June 2005.

   [IKEv1]    Harkins, D. and D. Carrel, "The Internet Key Exchange
              (IKE)", RFC 2409, November 1998.



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   [IKEv2]    Kaufman, C., Ed., "Internet Key Exchange (IKEv2)
              Protocol", draft-ietf-ipsec-ikev2-17 (work in progress),
              September 2004.

   [IKEv2Algs]
              Schiller, J., "Cryptographic Algorithms for use in the
              Internet Key Exchange Version 2",
              draft-ietf-ipsec-ikev2-algorithms-05 (work in progress),
              April 2004.

   [IPsecAlgs]
              Eastlake, D., "Cryptographic Algorithm Implementation
              Requirements For ESP And AH",
              draft-ietf-ipsec-esp-ah-algorithms-02 (work in progress),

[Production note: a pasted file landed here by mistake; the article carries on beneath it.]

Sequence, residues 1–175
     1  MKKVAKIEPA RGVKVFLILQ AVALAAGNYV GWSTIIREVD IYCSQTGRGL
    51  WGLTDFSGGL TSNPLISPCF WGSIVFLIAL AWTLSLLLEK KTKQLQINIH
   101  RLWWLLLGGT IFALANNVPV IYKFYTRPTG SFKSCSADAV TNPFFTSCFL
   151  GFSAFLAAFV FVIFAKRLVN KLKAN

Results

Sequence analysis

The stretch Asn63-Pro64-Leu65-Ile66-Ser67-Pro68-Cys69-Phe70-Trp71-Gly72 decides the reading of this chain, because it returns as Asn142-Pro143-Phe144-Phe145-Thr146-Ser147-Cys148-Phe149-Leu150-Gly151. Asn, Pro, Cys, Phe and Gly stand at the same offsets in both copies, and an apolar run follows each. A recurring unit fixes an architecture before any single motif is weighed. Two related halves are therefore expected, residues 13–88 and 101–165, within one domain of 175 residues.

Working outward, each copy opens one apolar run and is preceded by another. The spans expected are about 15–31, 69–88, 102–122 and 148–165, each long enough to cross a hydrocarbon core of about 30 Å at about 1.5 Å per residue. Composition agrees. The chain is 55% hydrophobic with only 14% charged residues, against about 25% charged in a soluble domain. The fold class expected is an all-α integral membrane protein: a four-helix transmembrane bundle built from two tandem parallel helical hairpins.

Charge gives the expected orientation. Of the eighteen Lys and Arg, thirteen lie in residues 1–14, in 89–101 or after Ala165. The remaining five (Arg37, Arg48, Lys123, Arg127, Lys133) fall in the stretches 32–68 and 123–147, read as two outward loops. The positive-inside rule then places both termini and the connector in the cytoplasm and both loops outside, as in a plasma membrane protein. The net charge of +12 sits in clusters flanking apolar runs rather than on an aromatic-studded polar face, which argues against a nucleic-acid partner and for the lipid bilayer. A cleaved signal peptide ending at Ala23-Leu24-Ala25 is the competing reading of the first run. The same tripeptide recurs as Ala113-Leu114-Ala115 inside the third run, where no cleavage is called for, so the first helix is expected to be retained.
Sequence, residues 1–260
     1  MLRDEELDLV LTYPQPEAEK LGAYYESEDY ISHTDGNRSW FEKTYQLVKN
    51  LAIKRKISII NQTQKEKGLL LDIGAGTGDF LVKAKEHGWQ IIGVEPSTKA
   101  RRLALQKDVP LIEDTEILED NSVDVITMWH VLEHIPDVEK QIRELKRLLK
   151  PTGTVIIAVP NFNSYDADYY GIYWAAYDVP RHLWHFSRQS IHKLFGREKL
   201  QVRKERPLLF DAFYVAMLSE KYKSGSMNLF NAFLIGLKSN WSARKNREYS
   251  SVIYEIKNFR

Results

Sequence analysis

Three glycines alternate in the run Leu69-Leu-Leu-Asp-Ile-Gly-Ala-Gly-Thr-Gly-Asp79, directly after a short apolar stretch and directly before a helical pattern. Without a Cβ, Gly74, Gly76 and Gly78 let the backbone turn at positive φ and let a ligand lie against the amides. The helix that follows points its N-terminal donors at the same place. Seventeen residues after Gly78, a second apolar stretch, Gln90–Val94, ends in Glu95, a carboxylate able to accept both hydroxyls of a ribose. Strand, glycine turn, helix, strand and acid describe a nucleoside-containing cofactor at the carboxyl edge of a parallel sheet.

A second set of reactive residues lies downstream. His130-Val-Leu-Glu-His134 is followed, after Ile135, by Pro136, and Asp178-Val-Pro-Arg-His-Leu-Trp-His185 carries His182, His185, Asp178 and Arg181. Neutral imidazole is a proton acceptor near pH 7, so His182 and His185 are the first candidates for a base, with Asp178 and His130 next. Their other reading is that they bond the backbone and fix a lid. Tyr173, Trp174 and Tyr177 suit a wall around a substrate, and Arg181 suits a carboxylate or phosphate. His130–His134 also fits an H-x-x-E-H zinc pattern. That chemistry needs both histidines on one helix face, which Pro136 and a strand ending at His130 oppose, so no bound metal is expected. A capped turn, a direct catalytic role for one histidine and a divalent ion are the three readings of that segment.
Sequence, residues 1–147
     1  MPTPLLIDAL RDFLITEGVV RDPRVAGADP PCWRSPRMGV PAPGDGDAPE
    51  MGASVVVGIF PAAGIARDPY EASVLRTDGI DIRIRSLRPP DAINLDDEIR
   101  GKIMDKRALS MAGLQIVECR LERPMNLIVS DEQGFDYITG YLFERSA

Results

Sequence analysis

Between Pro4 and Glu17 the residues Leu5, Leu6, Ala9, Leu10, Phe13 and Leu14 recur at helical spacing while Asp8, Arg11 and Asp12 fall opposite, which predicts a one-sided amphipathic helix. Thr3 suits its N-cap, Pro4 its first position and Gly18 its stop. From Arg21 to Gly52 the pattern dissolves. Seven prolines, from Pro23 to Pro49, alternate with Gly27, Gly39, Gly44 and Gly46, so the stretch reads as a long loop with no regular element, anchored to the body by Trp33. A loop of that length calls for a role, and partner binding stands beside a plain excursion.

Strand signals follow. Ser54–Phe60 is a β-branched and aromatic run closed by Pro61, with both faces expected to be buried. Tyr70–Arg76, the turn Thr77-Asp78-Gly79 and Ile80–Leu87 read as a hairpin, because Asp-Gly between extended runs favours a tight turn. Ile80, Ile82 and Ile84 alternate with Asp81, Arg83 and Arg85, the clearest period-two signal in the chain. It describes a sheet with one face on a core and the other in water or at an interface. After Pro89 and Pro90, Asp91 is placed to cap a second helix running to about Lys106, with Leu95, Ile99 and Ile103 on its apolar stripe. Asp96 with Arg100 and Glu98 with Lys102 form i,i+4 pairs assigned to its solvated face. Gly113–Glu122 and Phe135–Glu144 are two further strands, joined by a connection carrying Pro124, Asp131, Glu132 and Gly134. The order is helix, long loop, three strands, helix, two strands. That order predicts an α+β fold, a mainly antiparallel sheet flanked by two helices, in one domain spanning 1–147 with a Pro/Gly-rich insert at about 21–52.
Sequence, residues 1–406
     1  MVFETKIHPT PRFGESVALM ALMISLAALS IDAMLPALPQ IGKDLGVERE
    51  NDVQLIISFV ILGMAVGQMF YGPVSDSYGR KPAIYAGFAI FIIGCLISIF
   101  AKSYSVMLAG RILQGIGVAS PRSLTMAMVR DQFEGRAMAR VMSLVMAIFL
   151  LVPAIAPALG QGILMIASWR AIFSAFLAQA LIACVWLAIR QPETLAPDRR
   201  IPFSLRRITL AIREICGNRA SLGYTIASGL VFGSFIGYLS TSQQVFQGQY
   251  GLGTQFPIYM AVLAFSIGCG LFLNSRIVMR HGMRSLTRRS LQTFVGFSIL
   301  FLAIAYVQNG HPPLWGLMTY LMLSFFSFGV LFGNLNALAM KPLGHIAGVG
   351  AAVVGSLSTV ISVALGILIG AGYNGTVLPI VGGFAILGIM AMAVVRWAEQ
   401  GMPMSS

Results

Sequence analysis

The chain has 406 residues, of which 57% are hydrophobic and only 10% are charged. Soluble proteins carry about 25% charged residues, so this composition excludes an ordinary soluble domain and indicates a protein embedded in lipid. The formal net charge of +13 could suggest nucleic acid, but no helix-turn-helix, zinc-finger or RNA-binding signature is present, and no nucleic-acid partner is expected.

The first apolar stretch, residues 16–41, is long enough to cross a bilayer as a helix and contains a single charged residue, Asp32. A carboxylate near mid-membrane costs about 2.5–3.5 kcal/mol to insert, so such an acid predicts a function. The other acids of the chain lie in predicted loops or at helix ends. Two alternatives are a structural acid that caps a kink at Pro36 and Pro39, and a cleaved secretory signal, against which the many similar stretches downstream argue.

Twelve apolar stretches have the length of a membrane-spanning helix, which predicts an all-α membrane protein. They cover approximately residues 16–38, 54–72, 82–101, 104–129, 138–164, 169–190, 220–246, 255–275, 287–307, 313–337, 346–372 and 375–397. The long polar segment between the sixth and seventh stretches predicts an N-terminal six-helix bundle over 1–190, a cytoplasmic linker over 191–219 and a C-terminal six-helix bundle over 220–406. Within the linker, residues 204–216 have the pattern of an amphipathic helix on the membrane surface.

August 2004.

   [NAT-T]    Kivinen, T., Swander, B., Huttunen, A., and V. Volpe,
              "Negotiation of NAT-Traversal in the IKE", RFC 3947,
              January 2005.


Appendix A.  Acknowledgements

   Tero Kivinen helped with ideas in the first draft of this document.


Author's Address

   Paul Hoffman
   VPN Consortium
   127 Segre Place
   Santa Cruz, CA  95060
   US

   Email: paul.hoffman@vpnc.org


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   Copyright (C) The Internet Society (2005).

   This document is subject to the rights, licenses and restrictions
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   This document and the information contained herein are provided on an
   "AS IS" basis and THE CONTRIBUTOR, THE ORGANIZATION HE/SHE REPRESENTS
   OR IS SPONSORED BY (IF ANY), THE INTERNET SOCIETY AND THE INTERNET



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Acknowledgment

   Funding for the RFC Editor function is currently provided by the
   Internet Society.